The Stranger looked intently at Jacob for a moment and then said, "It shall go well with you. The Lord will guide you and
strengthen you. He will lead you by paths unknown to places you would rather not go. Yet, in the end, all will be well. Indeed,
all manner of things shall be well."
Again, Jacob asked, "Who are you?"
"A friend to your family. Abraham and I often spoke. Your father, Isaac, Abraham, and I once enjoyed a barbecue on Mt.
Moriah. I would be your friend."
Jacob fell to his knees, for he realized who spoke with him and was afraid. Yet, he was not so afraid that he could not
ask the stranger for a favor. The Stranger laughed and reached out a hand to pull Jacob to his feet.
"So, you want a favor from me, do you? You may have it if you take it from me. Pin my back to the ground and you shall
receive my blessing!"
It may seem wierd for the Mysterious Stranger to pull Jacob into a wrestling match in the wee hours of the morning. Yet,
dont forget that while Gods grace surrounds us and holds us up, sometimes we must struggle for it, if we are to appreciate
Not only did Jacob and the Mysterious Stranger have a wonderful time, straining and struggling to pin each other but Jacob
seemed to grow in one insight after another as the early morning hours wore on. At one point he realized the sad state of
his family because only business had previously occupied his interest. His sons have been a disappointment; gambling, drinking,
frequenting prostitutes. What guidance had he given them that they could be anything else? At another point he realized the
infidelity of his household. He had ignored the God of his fathers for the most part since the dream so many years ago. Even
Rachel, his wife, kept stone and wooden idols among her possessions. As the night wore on Jacob realized one failing and fault
after another, as the stranger almost had him pinned several times under the weight of his guilt and shame. Yet, each time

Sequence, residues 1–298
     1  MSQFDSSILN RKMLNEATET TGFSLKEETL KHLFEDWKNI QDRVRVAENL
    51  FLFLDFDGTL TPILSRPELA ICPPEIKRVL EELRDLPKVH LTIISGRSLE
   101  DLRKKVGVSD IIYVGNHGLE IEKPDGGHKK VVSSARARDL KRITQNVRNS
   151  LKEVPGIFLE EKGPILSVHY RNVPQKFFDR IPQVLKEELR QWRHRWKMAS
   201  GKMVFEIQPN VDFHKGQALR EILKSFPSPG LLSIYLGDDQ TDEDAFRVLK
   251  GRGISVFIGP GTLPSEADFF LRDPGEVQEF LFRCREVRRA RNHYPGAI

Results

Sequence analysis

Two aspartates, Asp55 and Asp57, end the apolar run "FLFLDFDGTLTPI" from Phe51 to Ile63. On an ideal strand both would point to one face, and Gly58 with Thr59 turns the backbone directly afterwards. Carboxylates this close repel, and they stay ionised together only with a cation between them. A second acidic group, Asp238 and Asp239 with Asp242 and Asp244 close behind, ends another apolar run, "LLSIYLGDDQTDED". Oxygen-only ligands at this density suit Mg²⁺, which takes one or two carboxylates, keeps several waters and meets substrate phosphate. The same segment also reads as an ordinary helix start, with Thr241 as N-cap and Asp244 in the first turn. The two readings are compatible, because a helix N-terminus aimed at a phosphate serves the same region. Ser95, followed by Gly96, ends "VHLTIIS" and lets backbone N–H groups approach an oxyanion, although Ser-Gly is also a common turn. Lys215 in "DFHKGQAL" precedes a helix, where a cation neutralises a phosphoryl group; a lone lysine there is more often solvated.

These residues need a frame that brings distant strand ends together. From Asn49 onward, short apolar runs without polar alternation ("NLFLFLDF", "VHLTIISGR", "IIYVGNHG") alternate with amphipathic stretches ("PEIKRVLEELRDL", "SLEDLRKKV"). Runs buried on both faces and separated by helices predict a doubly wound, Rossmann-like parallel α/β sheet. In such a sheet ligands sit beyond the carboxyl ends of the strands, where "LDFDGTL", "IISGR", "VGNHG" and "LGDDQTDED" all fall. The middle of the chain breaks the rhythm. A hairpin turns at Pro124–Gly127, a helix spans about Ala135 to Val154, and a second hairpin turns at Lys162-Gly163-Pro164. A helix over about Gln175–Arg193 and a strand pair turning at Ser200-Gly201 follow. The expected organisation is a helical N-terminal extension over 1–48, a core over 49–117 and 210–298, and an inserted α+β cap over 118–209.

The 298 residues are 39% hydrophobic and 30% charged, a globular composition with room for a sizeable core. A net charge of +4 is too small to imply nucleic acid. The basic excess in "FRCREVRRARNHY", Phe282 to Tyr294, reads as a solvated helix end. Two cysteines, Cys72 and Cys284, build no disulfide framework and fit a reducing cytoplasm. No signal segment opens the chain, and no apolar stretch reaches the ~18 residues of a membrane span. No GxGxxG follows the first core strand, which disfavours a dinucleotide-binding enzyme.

he sought forgiveness of the God of Abraham, Isaac and Jacob. Each time the burden vanished and Jacob was able to move. Just
as the first light of dawn was beginning to color the morning sky, Jacob tripped the Stranger with a move he had not used
earlier that evening and sent him to his back. Immediately, Jacob was on him, pinning him to the ground. Jacob laughed with
triumph and then winced with pain. It was only then that he noticed that some time earlier in the match his hip had been hurt.
He slid from the Stranger and asked, "I have pinned you. What favor do you have for me?"
"So you have. It was a good match. Know that Jacob is no more. You are Israel, He who struggles with God. Because you have
been strong in your struggles with me, you shall prevail among the people."
"Who are you?"
"Why is my name so important to you? You shall have my blessing instead." With that the Stranger placed his hands on Jacobs
head, as Isaac had done years earlier, and gave Israel a blessing that was truly his. With that, Israel slept.
As you might guess, in the morning Israel awoke to find his brother Esau standing over him. The hand he stretched forth
toward Israel was one of help and support. Instead of blows, there were hugs, tears, and such joy as neither brother had experienced
in twenty years. They discovered that there was more than enough room in Canaan for the both of them. The sons of Isaac were
reconciled that day.
Funny thing! Israel never lost the limp that he got wrestling with the Mysterious Stranger. In the years that followed
he figured that anyone who wrestled with God was changed by the experienced. The limp was his reminder.